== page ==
The hyperpolarization-activated cation (HCN) channel is a voltage-gated ion channel potentially implicated in epilepsy. Ih, the current produced by HCN channels, plays an important role in regulating neuronal excitability, particularly in hippocampal and neocortical pyramidal neurons where its high density in the apical dendrites attenuates excitatory synaptic inputs and reduces action potential (AP) firing. Loss of function of the HCN channel causes epilepsy in knock-out animals (Ludwig et al., 2003), and acquired downregulation of HCN channel function has been observed acutely after status epilepticus (Shah et al., 2004; Zhang et al., 2006). However, in neither of these recent studies was the development of spontaneous seizures evaluated; thus, it was unclear how acquired HCN channel dysfunction correlated with epileptogenesis. In the present study, we examined HCN channel properties in rat CA1 hippocampal pyramidal neurons in conjunction with VEEG recordings to monitor the development of epilepsy. Our results show that HCN channels are significantly downregulated at an acute time point 1 week postpilocarpine, with both loss of channel expression and hyperpolarization of voltage-dependent activation. This downregulation progressively increased when epilepsy was chronically established. Surprisingly, VEEG recordings during the acute period showed that a substantial fraction of animals were already experiencing recurrent seizures. Suppression of these seizures with phenobarbital (PB) reversed the change in voltage dependence of Ih, although did not affect the change in HCN channel expression. Thus, acquired HCN channelopathy after SE consists of two processes that increase excitability, one dependent on and one independent of recurrent seizures, with differing potential contributions to epileptogenesis.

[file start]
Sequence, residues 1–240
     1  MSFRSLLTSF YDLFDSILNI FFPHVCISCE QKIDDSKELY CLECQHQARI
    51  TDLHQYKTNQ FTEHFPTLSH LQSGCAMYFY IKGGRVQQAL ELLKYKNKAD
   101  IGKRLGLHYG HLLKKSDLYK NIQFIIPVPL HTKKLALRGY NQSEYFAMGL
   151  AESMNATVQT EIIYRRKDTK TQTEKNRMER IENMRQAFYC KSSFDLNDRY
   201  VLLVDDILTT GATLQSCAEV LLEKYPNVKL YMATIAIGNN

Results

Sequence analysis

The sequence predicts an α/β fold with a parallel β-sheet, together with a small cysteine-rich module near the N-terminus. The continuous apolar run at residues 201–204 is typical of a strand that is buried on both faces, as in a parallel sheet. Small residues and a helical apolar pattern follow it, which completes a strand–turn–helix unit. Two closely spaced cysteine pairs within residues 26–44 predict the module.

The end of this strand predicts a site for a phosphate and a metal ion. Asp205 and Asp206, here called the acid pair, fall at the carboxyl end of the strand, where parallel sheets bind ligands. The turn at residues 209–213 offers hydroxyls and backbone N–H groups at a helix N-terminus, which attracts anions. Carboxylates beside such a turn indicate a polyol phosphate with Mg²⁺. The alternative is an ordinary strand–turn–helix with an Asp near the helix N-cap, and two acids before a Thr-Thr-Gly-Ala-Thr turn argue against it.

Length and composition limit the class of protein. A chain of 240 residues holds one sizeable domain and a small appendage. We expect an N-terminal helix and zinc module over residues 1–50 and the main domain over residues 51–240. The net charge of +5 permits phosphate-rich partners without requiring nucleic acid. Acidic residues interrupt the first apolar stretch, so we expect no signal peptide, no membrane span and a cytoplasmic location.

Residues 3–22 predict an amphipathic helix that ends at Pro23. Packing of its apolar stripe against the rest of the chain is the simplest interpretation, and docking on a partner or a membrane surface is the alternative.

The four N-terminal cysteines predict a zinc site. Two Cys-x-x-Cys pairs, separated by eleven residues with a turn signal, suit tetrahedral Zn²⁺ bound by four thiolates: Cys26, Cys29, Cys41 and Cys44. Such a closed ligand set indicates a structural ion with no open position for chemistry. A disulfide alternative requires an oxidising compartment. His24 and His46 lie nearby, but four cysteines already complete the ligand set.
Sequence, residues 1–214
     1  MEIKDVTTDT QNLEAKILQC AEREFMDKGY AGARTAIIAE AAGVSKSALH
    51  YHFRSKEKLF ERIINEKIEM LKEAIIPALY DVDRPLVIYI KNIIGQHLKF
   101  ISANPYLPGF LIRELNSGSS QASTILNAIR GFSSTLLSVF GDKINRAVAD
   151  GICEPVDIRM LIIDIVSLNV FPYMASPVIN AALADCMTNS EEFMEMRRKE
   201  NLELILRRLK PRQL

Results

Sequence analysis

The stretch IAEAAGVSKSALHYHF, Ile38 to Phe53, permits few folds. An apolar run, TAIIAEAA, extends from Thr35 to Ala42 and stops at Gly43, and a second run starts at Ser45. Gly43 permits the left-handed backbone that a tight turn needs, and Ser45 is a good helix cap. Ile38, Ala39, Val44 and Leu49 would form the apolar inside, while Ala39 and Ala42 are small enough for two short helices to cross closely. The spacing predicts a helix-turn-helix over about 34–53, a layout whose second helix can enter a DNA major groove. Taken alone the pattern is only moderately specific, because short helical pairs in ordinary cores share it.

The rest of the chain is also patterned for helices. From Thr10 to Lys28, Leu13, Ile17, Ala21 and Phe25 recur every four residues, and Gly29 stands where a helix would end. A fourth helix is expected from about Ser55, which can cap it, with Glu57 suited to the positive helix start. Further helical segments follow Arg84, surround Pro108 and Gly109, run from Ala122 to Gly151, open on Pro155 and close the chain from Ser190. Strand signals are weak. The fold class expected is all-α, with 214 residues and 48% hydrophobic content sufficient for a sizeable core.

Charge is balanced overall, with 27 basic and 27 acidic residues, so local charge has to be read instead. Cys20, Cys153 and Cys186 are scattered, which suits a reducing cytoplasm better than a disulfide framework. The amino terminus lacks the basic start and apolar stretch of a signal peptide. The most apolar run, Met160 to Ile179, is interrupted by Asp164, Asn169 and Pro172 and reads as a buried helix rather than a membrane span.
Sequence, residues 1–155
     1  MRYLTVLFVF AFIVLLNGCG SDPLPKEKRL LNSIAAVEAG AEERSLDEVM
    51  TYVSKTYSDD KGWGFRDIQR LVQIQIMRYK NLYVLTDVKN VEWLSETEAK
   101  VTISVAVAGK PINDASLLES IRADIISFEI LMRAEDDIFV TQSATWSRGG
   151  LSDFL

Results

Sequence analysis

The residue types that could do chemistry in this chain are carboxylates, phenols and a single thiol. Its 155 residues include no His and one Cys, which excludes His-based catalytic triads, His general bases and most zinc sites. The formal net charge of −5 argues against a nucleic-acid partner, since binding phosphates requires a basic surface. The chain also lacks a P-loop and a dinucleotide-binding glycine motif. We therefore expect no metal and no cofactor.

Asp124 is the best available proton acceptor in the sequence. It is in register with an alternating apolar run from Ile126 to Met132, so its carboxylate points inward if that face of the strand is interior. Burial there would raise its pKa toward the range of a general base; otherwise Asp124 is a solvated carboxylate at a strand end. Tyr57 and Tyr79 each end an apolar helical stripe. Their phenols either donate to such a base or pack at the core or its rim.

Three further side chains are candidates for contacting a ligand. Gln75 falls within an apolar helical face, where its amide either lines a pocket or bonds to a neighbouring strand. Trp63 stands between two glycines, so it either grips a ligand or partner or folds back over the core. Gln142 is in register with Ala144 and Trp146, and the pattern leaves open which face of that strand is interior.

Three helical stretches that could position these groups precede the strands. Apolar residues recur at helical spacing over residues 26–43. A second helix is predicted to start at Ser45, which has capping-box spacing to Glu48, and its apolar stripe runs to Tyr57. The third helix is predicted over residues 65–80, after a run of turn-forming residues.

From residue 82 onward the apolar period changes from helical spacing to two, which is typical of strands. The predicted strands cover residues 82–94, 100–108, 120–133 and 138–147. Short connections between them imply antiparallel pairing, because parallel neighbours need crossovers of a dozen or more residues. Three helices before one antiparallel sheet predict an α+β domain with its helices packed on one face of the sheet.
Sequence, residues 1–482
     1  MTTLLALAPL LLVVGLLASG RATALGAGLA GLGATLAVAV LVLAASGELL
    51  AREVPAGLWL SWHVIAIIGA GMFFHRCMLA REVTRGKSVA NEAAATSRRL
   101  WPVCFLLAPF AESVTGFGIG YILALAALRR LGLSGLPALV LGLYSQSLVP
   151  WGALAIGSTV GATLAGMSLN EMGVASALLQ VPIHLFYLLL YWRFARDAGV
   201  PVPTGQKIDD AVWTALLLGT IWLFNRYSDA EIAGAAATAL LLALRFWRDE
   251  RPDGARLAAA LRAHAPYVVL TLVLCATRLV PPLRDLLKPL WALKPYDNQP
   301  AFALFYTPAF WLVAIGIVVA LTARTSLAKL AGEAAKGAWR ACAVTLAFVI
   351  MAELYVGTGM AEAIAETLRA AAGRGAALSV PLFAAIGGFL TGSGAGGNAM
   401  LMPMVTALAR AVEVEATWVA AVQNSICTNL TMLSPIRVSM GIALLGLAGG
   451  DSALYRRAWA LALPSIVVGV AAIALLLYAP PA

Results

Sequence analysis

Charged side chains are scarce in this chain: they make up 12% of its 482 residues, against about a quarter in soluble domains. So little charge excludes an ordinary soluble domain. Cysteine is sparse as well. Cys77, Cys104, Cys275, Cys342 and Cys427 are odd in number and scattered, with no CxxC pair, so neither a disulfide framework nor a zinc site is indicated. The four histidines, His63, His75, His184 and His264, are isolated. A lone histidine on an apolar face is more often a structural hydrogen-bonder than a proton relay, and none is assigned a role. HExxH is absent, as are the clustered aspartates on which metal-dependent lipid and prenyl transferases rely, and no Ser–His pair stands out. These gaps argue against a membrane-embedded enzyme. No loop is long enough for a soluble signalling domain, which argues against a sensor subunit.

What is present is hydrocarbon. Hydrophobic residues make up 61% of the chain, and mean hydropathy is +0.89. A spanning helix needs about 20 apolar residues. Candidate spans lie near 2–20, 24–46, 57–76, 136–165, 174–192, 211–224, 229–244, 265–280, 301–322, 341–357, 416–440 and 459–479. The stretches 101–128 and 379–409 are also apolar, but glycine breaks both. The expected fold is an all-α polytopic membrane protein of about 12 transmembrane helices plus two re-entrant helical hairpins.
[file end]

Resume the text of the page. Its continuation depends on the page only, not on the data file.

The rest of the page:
Male Sprague Dawley rats (Charles River, Wilmington, MA) were housed in a temperature-controlled vivarium on a 12 h light/dark cycle, with food and water ad libitum. All animal procedures were approved by the University of Washington Institutional Animal Care and Use Committee and conformed to National Institutes of Health guidelines. One hundred thirty-two rats weighing between 150 and 200 g (6–8 weeks of age) were implanted with EEG electrodes. Four epidural cortical screw electrodes (Plastics One, Roanoke, VA) were positioned bilaterally in the skull over the anterior and posterior cortex, and a reference electrode was placed ~2 mm anterior and to the right of bregma. An anchoring screw was affixed into the skull over the cerebellum. The electrode terminals were inserted into a threaded plastic pedestal (Plastics One), and the apparatus was secured onto the skull using dental acrylic. After surgery, animals were given buprenorphine (0.10 mg/kg; Bedford Laboratories, Bedford, OH) to minimize discomfort. One hundred twenty-nine of 132 (98%) animals implanted with EEG electrodes (59 acute group, 17 PB group, 56 chronic group) survived surgery. In general, animals roused from anesthesia within 2 h and were fully ambulatory and groomed by the following morning. Of the 129 animals surviving the implant procedure, two lost their electrode headset in the weeks after surgery and were killed.